[3]. Third-generation cephalosporins were successful in preventing CNS involvement in all 4 patients in whom it was
used [3-51. Patients initially treated with penicillin and
streptomycin showed a better long-term outcome than patients treated with penicillin alone [3]. Louis and colleagues
reported on 1 patient with cerebral W D who relapsed after
initial improvement while on TMP-SMX. When diarrhea
developed, ceftriaxone (2 g IV daily) for 1 month led to improvement. After the patient was switched to doxycycline, a
second relapse occurred; the patient was again successfully
treated with ceftriaxone [ 11. Another patient improved after
ceftriaxone (2 g IV daily), and supranuclear gaze palsy arid
lethargy recurred after the patient was switched to TMPSMX therapy [l]. The outcome in these 2 patients supports
our findings that TMP-SMX neither prevents nor cures CNS
involvement in all patients with WD. TMP-SMX reaches
high intracellular concentrations, but it is bacteriostatic and
therefore cannot destroy pathogens in possibly defective macrophages [6]. Third-generation cephalosporins have been
shown to be effective in the treatment of cerebral W D chat
did not respond to TMP-SMX [ I , 31. However a low dose
of ceftriaxone (2 g IV daily) might be responsible for the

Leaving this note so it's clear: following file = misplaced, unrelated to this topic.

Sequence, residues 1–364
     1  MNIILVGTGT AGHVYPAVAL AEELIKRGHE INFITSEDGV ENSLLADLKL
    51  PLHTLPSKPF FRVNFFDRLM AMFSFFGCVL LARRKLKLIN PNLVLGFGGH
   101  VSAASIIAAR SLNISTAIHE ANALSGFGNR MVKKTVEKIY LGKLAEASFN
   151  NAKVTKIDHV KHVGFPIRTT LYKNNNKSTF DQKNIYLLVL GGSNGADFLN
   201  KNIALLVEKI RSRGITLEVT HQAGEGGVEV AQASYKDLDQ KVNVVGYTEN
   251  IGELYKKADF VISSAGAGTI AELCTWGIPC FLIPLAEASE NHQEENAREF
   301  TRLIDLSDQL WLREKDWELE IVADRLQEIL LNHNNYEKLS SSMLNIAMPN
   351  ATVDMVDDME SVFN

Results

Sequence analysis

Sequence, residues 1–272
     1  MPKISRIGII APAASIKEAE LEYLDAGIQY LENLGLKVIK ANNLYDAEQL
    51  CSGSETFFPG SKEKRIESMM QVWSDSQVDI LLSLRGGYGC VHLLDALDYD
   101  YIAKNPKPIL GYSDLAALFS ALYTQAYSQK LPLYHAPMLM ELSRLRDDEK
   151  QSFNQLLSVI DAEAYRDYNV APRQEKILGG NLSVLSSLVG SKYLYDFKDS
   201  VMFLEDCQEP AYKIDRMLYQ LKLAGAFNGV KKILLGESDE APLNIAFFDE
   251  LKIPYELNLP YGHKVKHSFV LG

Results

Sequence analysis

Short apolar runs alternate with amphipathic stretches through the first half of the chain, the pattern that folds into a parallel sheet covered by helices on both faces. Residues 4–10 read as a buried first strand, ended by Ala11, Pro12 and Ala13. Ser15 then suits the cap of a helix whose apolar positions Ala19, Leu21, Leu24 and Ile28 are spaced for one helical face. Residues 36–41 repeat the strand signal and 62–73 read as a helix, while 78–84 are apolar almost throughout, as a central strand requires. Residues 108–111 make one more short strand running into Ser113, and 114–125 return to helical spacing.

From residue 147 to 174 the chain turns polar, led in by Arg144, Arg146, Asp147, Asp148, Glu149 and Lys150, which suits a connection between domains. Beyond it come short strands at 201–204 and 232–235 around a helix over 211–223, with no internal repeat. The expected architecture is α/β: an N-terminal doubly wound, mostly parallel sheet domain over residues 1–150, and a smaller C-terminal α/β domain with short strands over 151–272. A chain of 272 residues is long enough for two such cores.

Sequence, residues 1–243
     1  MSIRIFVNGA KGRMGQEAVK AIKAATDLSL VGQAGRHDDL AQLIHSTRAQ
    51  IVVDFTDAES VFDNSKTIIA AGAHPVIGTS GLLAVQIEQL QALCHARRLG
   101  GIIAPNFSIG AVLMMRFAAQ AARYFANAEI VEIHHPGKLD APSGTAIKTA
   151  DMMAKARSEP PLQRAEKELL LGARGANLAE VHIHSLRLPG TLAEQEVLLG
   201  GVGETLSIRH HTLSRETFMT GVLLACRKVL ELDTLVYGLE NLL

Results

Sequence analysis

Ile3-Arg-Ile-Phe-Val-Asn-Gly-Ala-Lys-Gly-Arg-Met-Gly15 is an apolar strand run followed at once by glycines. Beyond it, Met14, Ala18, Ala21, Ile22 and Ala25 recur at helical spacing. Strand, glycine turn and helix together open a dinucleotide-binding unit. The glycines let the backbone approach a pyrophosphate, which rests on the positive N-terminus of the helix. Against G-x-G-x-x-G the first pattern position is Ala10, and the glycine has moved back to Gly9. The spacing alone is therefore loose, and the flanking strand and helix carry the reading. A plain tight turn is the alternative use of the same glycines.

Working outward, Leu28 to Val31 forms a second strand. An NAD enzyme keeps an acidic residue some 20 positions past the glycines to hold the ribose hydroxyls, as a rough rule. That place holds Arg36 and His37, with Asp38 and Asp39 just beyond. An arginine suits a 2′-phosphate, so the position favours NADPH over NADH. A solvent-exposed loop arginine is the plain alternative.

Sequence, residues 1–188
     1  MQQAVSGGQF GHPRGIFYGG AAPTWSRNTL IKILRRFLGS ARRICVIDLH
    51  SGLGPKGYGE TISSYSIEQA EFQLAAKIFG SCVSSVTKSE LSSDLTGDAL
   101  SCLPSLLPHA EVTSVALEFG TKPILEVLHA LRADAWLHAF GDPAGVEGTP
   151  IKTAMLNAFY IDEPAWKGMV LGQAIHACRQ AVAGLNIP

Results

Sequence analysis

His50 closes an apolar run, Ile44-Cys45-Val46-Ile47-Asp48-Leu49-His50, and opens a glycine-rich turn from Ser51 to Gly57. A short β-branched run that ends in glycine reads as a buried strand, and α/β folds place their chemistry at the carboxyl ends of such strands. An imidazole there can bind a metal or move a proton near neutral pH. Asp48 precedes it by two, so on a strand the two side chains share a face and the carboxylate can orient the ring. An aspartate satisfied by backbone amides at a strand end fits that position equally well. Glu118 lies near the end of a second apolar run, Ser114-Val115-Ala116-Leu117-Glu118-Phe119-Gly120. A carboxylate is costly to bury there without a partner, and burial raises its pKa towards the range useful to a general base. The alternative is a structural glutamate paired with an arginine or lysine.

CNS relapses after discontinuation of ceftriaxone [I]. Rased
on our own long-term follow-up study and the results of
Louis and colleagues, we suggest initial treatment of W D
with intravenous ceftriaxone (instead of penicillin), 2 g twice
daily, plus streptomycin, 1 g once daily for 2 weeks, or alternatively intravenous TMP-SMX, 960 mg twice daily for 1
to 2 weeks. Follow-up treatment for I year should consist of
oral TMP-SMX, 960 mg twice daily, or oral cefixime, 400
mg once daily.
“Division of Neurological Rehabilitation, Depurtment of
Neurology, University of Wenna; and ‘Division of Infectious
Diseases, Department of Medicine, Kurl Franzens Universiq,
Graz, Austria
1. Louis ED, Lynch T, Kaufniann P, et al. Diagnostic guidelines in
central nervous system Whipple’s disease. Ann Neurol 1996;40:
2. Keinath RD, Merrel DE, Vliestra R, Dobbins WO 111. Antibi-
Annals of Neurology
Vol 41
No 4
April 1997 561
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central, nervous, whipple, disease, system